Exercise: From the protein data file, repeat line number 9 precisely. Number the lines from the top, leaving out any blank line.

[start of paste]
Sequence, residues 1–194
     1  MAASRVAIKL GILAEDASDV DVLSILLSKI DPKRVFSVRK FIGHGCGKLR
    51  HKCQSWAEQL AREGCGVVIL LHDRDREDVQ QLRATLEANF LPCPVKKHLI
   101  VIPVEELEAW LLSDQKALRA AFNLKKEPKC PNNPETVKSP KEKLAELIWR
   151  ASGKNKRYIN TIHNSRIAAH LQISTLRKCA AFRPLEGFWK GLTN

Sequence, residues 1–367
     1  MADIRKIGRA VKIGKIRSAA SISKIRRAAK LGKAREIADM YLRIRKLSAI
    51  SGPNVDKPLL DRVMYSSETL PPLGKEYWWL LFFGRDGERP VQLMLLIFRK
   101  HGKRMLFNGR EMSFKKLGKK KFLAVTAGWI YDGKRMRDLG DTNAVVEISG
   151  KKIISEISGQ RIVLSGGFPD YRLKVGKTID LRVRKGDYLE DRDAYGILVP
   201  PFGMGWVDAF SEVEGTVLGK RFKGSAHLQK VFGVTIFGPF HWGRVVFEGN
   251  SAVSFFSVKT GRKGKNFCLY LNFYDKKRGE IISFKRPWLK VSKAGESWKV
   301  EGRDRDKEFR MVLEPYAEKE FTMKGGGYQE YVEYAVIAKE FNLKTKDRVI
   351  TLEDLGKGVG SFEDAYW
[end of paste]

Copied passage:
   101  HGKRMLFNGR EMSFKKLGKK KFLAVTAGWI YDGKRMRDLG DTNAVVEISG